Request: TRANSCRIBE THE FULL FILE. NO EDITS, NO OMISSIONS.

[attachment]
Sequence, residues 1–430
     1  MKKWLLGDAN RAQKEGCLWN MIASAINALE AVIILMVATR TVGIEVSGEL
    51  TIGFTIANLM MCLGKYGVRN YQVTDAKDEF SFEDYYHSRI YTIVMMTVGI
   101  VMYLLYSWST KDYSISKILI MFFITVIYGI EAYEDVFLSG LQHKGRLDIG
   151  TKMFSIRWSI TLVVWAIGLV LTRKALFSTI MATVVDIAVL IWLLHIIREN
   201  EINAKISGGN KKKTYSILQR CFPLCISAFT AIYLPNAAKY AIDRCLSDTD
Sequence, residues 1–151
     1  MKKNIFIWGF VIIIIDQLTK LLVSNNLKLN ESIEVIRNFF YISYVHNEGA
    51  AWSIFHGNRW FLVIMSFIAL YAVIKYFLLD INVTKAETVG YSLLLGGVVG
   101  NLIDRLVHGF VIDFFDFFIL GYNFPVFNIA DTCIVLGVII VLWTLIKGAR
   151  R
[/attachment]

Sequence, residues 1–430
     1  MKKWLLGDAN RAQKEGCLWN MIASAINALE AVIILMVATR TVGIEVSGEL
    51  TIGFTIANLM MCLGKYGVRN YQVTDAKDEF SFEDYYHSRI YTIVMMTVGI
   101  VMYLLYSWST KDYSISKILI MFFITVIYGI EAYEDVFLSG LQHKGRLDIG
   151  TKMFSIRWSI TLVVWAIGLV LTRKALFSTI MATVVDIAVL IWLLHIIREN
   201  EINAKISGGN KKKTYSILQR CFPLCISAFT AIYLPNAAKY AIDRCLSDTD
Sequence, residues 1–151
     1  MKKNIFIWGF VIIIIDQLTK LLVSNNLKLN ESIEVIRNFF YISYVHNEGA
    51  AWSIFHGNRW FLVIMSFIAL YAVIKYFLLD INVTKAETVG YSLLLGGVVG
   101  NLIDRLVHGF VIDFFDFFIL GYNFPVFNIA DTCIVLGVII VLWTLIKGAR
   151  R